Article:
NOAA CAPTURES THE EYEWALL OF HURRICANE JEANNE
Sept. 23, 2004 ó NOAA hurricane researchers flew into the eye of Hurricane Jeanne on Wednesday to gather data about the storm that is currently churning in the open Atlantic Ocean packing sustained winds near 105 mph. The scientists flew on the NOAA WP-3D Orion hurricane hunter aircraft at an altitude of 7,000 feet during the afternoon and early evening hours. The NOAA aircraft penetrated the eye of Hurricane Jeanne six times. (Click NOAA image for larger view of NOAA hurricane hunter aircraft flying inside the eye of Hurricane Jeanne on Sept. 22, 2004. Click here for high resolution version, which is a large file. Please credit “NOAA.”)
Scientists with the NOAA Hurricane Research Division said the large eye was remarkably clear aloft and well organized. Low clouds, most of which were stratocumulus below about 3,000 feet, filled most of the eye with an occasional cumulus extending up to or just above our flight-level.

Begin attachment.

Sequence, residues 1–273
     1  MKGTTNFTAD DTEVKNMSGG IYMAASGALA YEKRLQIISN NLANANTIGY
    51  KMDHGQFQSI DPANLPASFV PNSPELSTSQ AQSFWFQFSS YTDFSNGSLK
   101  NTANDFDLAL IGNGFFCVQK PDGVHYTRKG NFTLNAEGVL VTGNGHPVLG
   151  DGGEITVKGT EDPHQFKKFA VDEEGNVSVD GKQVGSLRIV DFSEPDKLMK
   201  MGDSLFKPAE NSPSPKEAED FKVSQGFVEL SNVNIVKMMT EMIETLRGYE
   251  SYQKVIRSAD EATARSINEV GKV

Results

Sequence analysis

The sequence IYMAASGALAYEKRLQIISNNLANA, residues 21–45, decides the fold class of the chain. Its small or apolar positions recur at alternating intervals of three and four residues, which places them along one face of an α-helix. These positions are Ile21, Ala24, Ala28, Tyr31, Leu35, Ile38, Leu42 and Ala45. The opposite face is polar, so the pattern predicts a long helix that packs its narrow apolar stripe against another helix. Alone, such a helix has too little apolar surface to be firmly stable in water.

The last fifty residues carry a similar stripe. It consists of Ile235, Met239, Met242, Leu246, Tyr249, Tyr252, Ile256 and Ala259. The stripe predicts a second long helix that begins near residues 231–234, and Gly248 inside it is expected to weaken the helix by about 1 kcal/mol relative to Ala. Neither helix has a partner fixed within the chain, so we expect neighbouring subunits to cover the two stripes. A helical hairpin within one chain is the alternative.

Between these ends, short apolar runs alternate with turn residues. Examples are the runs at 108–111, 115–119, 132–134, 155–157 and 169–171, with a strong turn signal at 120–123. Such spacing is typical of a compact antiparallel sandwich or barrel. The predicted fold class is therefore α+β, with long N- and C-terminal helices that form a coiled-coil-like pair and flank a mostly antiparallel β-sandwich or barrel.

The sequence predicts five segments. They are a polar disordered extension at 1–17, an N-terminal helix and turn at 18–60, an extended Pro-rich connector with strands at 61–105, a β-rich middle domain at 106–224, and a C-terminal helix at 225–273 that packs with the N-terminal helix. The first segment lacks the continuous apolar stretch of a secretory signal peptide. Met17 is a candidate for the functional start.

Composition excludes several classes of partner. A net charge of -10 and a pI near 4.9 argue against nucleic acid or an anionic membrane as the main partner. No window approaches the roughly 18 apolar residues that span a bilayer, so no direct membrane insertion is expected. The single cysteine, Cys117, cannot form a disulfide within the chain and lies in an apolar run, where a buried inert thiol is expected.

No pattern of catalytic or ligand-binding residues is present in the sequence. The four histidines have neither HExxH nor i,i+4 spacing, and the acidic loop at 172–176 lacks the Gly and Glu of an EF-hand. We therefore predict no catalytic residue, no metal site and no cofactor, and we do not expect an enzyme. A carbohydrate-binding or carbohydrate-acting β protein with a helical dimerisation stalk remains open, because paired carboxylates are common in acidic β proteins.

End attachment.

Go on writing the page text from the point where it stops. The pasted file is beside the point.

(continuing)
NOAA scientists said an interesting aspect of the flight was the sea surface temperature field in the storm and to the west. SSTs in the eye and eyewall of Jeanne were about 79 degrees F (26 degrees C), probably a result of mixing from the slow-moving storm. The sea warmed to nearly 83 degrees F (28 degrees C) from 200-400 miles to the west of Jeanne's position Wednesday afternoon. (Click NOAA image for larger view of flying inside the Eye of Hurricane Jeanne taken Sept. 22, 2004. Click here for high resolution version, which is a large file. Please credit “NOAA.”)
The NOAA Hurricane Research Division scientists speculated that the cooler SSTs were keeping Jeanne from intensifying significantly, and the dryer air was being kept away from the inner core.
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